PECs might seem complicated, but they are worth learning about, because it can mean hundreds of dollars in income every year for you. PECs have value because utility companies need to meet their renewable energy goals under Nevada's RPS law, and if they don't, they have to pay a big fine. In order to meet those goals, they purchase PECs as proof of renewable generation.

Each PEC sells for a couple pennies, which might not sound like a lot, but it adds up. A typical 5-kW system will earn you a little less than 7,800 PECs in a year, which translates to about $187 for you. And since the RPS goals are in place until 2025 (unless they're extended and increased!), you can count on some income until then.

That means your PECs could be worth over $1,600 to you over the next 10 years. Unfortunately, if you choose to keep and sell your PECs, you won't be eligible for NV Energy's RenewableGenerations rebate program. And although the PECs might be worth a little more over time, the rebate is cold hard cash right now.

Learn more about SRECs

Property Tax Exemption

100% for solar farms only

Grade: F

Nevada's Solar Property Tax Exemptions grade

While Nevada is kind enough to grant property tax exemptions to commercial and industrial solar installations, homeowners are still expected to pony up the dough for the increased value of the home after solar installation.

Sales Tax Exemption

None

Grade: F

Nevada's Solar Sales Tax Exemption grade

Same story here. Nevada grants sales tax incentives to large-scale (we’re talking 10MW big) solar installations, but none for you. We would like to see a sales tax exemption on residential systems in Nevada like many other states have enacted. We’ll wait and see on that.

Learn more about tax exemptions for solar

The consensus on Nevada solar power rebates and incentives

Nevada is well on its way to building a solar power market. While the previous focus had entirely been on utility scale solar installations, there are now compelling reasons for all homeowners in the state to explore solar power as a worthy home investment.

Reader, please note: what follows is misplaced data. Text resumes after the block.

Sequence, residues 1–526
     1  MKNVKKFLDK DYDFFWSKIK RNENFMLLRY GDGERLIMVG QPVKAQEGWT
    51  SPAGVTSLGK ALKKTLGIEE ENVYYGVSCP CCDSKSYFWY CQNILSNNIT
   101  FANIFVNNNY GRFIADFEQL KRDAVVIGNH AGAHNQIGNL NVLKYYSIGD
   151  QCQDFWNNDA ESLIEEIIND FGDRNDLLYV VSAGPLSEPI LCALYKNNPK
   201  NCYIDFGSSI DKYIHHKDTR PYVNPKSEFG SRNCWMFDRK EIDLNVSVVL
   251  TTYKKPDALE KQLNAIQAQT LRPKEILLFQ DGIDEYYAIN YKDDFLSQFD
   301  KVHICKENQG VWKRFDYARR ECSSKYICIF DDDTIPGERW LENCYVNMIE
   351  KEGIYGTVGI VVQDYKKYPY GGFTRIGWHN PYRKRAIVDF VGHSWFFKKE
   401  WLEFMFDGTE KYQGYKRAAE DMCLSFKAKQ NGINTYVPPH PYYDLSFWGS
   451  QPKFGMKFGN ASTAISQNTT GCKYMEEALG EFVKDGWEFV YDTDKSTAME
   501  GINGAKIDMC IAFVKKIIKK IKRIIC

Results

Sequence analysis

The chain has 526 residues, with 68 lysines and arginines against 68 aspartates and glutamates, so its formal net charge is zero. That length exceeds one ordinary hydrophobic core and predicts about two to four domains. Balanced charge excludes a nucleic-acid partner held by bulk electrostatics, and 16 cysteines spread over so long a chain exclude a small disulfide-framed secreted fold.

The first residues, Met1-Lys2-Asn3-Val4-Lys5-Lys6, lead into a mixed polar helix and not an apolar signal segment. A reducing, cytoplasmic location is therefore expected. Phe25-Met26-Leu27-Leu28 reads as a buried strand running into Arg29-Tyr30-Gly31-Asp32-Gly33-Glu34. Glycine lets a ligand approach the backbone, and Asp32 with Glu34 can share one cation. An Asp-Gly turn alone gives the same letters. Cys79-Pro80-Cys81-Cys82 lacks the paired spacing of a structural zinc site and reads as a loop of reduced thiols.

Governor Brian Sandoval can urge the legislature to consider a state residential solar tax credit, implement a smaller scale solar distributed generation program as part of the state’s RPS, and add a solar sales tax exemption for homeowners.

Doing these things would create many more jobs in the state and go a long way toward turning the local economy around.

With all that sunshine in Nevada, it can be done. We’re waiting patiently to improve your grade even further.

In the meantime, we urge you to still get a personalized solar quote so you can see how the numbers pencil out for you.

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SaveOnenergy
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SaveOnenergy

Thanks for sharing this information. It can sure help any team.

Brian Dodd
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Brian Dodd

As far as I can tell, no-one is interested in purchasing my PECs. Is there something I can do to sell them?

Anonymous
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Anonymous

Thanks for this one page on NV. We have had a lot of grass roots activism in this state in solar power for a couple years now. It looks like you addressed thin on https://www.solarpowerrocks.com/solar-politics/nevada-got-solar-groove-back/

Chris
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Chris

Information is all old. Please update your information throughout your website.

Steve Carver
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Steve Carver

Please update your NV page. Everything changed 12/22/15 when NVE changed (destroyed) the net-metering rates.

Bill
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Bill

It would appear to me the way the utility company controls the viability of individual solar it through high rates on power that is needed by individuals during non-producing hours at night. Instead of selling back excess power, why not store that power in batteries for night time use in batteries? Would this not remove the leverage the PUC holds?

Anita
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Anita

PUCN has awarded ownership of the sun to the electric company owned by Warren Buffet. Within a few years it will be more cost effective for me to turn off my solar and polute the air with regular electric purchases. Since I installed my solar about 8 years ago my bill has gone from $8.40 to $84 dollars last month and is expecred to go to more than $300 in the summer. I’m now a senior on limited income and cannot afford it. If you want solar follow me to another state. I am looking now to abandon NV for… Read more »

Greg Ferrante
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Greg Ferrante

In a surprise ruling, The PUC of Nevada has ruled against solar rooftop owners basically gutting the entire incentive program. Rooftop solar owners are urged to join together to form a loud voice to be heard with our legislators – join the Nevada Solar Owners Association today!!! http://nvsoa.org

Brian Dodd
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Brian Dodd

We put in 6 kW of solar this year and chose the PECs. However, NV Energy have announced that they are not buying anymore. So you need to update this section of your report.